Washington, DC: While you were researching this story, did you read any of the sociological literature in the area? There are several books that I would recommend that highlight the issue of teen pregnancy and poverty. Promises I Can Keep by Kathryn Edin and Maria Kefalas is a great study of poor women of white, latino and black heritage, and why they chose (or consciously took no precaution against) becoming pregnant at a young age. The results they have indicate that the women felt there was no reasonable prospect for a better life for them (either they never imagined one, or if they saw it, they were sure it was out of reach), and have clearly picked up the lifescript that marriage is something only stable, middle class people have, and that a husband (or even steady boyfriend) is not necessary for motherhood, the only social role they feel is open to them where they can achieve something.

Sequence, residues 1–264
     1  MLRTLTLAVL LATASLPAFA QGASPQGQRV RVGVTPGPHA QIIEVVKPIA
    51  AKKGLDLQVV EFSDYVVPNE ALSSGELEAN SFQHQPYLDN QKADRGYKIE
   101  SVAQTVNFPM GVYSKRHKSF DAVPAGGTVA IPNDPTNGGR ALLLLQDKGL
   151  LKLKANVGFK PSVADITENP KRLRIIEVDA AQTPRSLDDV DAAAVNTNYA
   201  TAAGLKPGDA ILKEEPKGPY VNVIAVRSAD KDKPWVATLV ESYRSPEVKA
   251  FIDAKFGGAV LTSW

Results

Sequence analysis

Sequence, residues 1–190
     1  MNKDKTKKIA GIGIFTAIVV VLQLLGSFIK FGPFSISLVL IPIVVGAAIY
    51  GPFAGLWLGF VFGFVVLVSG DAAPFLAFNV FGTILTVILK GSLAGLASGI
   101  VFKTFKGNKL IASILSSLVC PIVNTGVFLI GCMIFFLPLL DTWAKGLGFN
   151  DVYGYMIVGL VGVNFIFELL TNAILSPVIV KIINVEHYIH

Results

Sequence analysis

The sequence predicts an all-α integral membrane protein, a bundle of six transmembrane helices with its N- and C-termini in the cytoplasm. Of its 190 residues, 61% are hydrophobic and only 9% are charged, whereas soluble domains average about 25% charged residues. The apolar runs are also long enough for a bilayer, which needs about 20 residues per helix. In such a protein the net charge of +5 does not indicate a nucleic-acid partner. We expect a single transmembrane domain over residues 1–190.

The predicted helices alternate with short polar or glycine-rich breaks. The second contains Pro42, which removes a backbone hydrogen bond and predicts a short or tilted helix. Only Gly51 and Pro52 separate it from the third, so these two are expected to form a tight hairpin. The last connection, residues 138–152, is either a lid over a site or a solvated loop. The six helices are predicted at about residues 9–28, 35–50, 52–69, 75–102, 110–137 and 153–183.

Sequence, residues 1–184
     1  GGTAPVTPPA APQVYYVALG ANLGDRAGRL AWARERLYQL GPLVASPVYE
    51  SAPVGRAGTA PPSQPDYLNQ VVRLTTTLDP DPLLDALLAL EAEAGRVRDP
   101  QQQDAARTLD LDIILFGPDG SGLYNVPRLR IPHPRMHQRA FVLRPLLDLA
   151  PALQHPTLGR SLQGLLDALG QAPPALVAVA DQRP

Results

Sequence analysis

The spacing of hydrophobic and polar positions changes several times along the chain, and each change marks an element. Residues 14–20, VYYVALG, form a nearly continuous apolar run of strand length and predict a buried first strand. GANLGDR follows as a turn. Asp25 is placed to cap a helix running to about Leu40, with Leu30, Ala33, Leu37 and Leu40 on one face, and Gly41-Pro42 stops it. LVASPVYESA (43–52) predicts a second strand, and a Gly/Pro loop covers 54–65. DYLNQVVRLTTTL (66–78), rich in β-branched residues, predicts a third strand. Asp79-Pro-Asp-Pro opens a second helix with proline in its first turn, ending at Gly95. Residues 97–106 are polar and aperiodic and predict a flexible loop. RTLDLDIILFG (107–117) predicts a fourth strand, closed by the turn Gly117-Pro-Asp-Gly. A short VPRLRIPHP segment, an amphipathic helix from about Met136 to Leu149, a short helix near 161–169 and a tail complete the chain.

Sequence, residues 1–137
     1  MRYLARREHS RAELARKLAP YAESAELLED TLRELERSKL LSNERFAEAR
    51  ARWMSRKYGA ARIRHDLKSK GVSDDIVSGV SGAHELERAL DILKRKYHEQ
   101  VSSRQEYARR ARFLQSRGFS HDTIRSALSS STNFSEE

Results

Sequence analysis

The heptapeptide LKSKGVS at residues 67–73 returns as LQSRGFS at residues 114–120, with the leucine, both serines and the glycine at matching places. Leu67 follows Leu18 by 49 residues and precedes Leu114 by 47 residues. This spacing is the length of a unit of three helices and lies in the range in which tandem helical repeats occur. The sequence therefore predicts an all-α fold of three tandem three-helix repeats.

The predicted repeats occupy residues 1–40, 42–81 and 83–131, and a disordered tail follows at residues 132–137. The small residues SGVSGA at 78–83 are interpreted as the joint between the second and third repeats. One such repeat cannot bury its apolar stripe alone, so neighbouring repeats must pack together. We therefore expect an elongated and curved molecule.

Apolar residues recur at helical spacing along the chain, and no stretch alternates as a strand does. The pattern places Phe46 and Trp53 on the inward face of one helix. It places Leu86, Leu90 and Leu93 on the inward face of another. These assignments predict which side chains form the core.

"Marriage and Caste in America", "Love, Drugs, Trouble: Coming of Age in the Bronx", and "American Dream: Three Families and a Nation's Drive to End Welfare" are all books that make the same point (directly or indirectly).
N.C. Aizenman: I read a wide range of literature on the subject in preparation for the article, including a lot of academic research. But there is a wealth of great writing on the topic. Thanks for alerting your fellow readers to some of it. One note about the steady boyfriend question: While neither of the Marquez sisters have gotten married, so far their boyfriends have remained very close to them and their children. So it's not necessarily always the case that Latina teen mothers end up raising their children entirely alone.
Cumberland, Md.: When you write a controversial article such as this do you bother to read the comments on it and if so what do you think? Do you think that many of the negative comments are justified?